Bánh cuốn

Bánh cuốn (Vietnamese: [ɓǎjŋ̟ kǔən], rolled sheets) is a Vietnamese dish originating from Northern Vietnam.[1]

Bánh cuốn
Thanh Trì style bánh cuốn
TypeRice noodle roll
Place of originVietnam
Region or stateNorthern Vietnam
Main ingredientsRice batter, ground pork, wood ear mushroom, shallots

In Vietnamese cuisine

Bánh cuốn is made from a thin, wide sheet of fermented[2] rice batter filled with a mixture of cooked seasoned ground pork, minced wood ear mushroom, and minced shallots. Sides for this dish usually consist of chả lụa (Vietnamese pork sausage), sliced cucumber, and bean sprouts, with the dipping sauce which is fish sauce called nước chấm (Nuoc Mam).

The rice sheet in bánh cuốn is extremely thin and delicate. It is made by steaming a slightly fermented rice batter on a cloth that is stretched over a pot of boiling water. It is a light dish, and is generally eaten for breakfast everywhere in Vietnam. A different version of bánh cuốn, called bánh cuốn Thanh Trì and bánh cuốn làng Kênh, may be found in Thanh Trì, a southern district of Hanoi and Kênh village of Nam Định, an ancient village in the centre of Nam Định city. Bánh cuốn Thanh Trì or Bánh cuốn làng Kênh are not rolls, but just rice sheets eaten with chả lụa, fried shallots, or prawns.

Bánh ướt is simply the unfilled rice sheet, and is typically served with bean sprouts, chopped lettuce, sliced cucumber, fresh basil and mint, fried shallots and onions, cha/gio lua, and nuoc mam. [3]


In other countries

In regards to Vietnamese culture, Thai cuisine commonly refers to the dish as pak moh yuan (Thai: ปากหม้อญวน). Skilled food preparers will make each rice sheet extra thin with as much stuffing as possible. Rice sheets are usually made of arrowroot flour which gives tapioca-like consistency. The dough may also be infused with naturally extracted herbs such as butterfly pea for blue shades and pandan for green shades. As for the stuffing, the most popular stuffing is ground pork with cilantro roots, pepper, garlic, shallots and preserved radish. Less common stuffing is chicken, mushroom, corn, coconut, bean sprouts, chives, etc. Vegetarian recipes are also available.

Since Thai palates are famous for flavorful bites, sauce and toppings are inseparable from pak moh yuan. While sweet chili sauce is the standard, recipes from certain regions may also use seafood ingredients in their sauce. To satisfy a sweet tooth, coconut milk may be drizzled on top for more dessert-likeness. The final step is to garnish pak moh yuan with fried garlic and served with lettuce and fresh chili on the side.[4]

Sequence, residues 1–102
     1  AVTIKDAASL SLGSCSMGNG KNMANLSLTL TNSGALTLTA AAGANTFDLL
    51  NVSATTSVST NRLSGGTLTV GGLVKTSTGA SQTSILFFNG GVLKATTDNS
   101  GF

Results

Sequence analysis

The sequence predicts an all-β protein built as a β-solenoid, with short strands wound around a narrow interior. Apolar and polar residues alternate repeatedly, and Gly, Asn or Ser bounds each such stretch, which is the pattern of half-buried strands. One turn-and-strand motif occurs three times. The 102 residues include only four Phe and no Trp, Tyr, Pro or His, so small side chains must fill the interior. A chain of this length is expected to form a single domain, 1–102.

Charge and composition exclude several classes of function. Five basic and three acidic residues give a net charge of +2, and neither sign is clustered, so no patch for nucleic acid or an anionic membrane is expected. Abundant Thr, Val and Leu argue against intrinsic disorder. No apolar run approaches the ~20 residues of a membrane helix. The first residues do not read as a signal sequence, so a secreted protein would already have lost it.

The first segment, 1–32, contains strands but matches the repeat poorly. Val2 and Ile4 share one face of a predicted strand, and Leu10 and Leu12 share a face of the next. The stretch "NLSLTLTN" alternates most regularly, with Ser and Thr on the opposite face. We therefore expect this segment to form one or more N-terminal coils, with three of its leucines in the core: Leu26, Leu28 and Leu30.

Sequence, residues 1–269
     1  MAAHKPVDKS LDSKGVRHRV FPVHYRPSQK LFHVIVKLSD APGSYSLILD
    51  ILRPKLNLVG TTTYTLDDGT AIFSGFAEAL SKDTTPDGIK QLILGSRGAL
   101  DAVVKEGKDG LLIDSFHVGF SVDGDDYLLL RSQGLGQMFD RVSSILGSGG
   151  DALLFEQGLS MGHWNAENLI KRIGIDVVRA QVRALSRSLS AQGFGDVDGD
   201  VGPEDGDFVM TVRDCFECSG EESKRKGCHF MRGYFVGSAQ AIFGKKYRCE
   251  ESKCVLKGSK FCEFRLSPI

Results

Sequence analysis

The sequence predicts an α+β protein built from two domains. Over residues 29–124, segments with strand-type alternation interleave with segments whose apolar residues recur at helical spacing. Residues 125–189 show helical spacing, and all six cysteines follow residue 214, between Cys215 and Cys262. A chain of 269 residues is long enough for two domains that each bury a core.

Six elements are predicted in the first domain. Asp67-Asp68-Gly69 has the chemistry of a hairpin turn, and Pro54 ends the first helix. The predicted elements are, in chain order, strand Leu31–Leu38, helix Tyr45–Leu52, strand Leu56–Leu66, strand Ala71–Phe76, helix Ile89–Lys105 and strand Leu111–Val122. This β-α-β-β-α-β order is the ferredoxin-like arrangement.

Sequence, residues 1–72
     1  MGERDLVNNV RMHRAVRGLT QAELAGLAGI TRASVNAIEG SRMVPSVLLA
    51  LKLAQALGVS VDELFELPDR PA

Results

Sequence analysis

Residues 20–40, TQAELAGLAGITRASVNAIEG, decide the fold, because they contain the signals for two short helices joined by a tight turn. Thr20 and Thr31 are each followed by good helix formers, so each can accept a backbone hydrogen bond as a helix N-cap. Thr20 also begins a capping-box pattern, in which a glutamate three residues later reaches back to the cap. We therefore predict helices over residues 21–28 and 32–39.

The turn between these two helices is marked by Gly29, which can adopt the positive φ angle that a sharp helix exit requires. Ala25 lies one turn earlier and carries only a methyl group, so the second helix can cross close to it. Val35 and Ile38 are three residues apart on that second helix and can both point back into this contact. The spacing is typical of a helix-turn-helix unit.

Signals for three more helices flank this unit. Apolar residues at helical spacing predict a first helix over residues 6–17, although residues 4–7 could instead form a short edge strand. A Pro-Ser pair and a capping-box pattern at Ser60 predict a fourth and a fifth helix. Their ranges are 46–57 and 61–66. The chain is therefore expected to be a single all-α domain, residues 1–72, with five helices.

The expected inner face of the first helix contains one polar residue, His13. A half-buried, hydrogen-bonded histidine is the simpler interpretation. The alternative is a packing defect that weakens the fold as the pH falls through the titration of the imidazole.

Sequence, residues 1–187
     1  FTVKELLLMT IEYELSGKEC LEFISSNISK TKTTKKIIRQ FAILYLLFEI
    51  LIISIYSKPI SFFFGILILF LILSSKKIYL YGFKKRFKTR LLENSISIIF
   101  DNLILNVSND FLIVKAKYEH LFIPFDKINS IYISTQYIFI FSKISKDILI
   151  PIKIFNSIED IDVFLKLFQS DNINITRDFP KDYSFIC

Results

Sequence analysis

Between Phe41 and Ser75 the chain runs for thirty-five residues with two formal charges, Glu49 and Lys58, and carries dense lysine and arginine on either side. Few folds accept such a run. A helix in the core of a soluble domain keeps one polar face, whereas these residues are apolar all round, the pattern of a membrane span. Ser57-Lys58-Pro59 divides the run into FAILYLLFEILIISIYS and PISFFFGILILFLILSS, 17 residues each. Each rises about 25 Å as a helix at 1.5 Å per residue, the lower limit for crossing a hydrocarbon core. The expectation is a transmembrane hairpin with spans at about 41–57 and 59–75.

Other variation known in Thai cuisine is khao phan (Thai: ข้าวพันผัก; lit. "rice wrap"). It is regarded a speciality of Uttaradit province where it is eaten freshly made in many variations, but also sun-dried. The dried versions often have spices added to them and are popularly used as a wrap for a spicy salad made with rice noodle and minced pork.

Bánh ướt

Bánh ướt (Vietnamese: [ɓǎjŋ̟ ʔɨ̌ət], lit.'wet cake'), is a Vietnamese thin pancake wrapper[5] consisting of rice noodle sheets, eaten with nước chấm, fried shallots, and a side of chả lụa (Vietnamese pork sausage).

See also

References

  1. Lonely Planet Vietnam (Italian) "bánh cuốn – involtini di carta di riso cotti a vapore, ripieni di carne di maiale tritata e gamberi disidratati;"
  2. T. H. Yellowdawn: Fermented Foods (2008); pp. 302–304
  3. "Vietnamese Banh Uot Recipe - Steamed Rice Rolls". 24 November 2019.
  4. Maethuan.com https://maethuan.com/%E0%B8%9B%E0%B8%B2%E0%B8%81%E0%B8%AB%E0%B8%A1%E0%B9%89%E0%B8%AD%E0%B8%8D%E0%B8%A7%E0%B8%99-%E0%B8%97%E0%B8%B5%E0%B9%88%E0%B8%A1%E0%B8%B2-%E0%B8%A7%E0%B8%B4%E0%B8%98%E0%B8%B5%E0%B8%97%E0%B8%B3/. Retrieved 9 September 2022. {{cite web}}: Missing or empty |title= (help)
  5. Charles Gordon Sinclair (1998) International Dictionary of Food & Cooking, Taylor & Francis, Page 48 ISBN 1-57958-057-2
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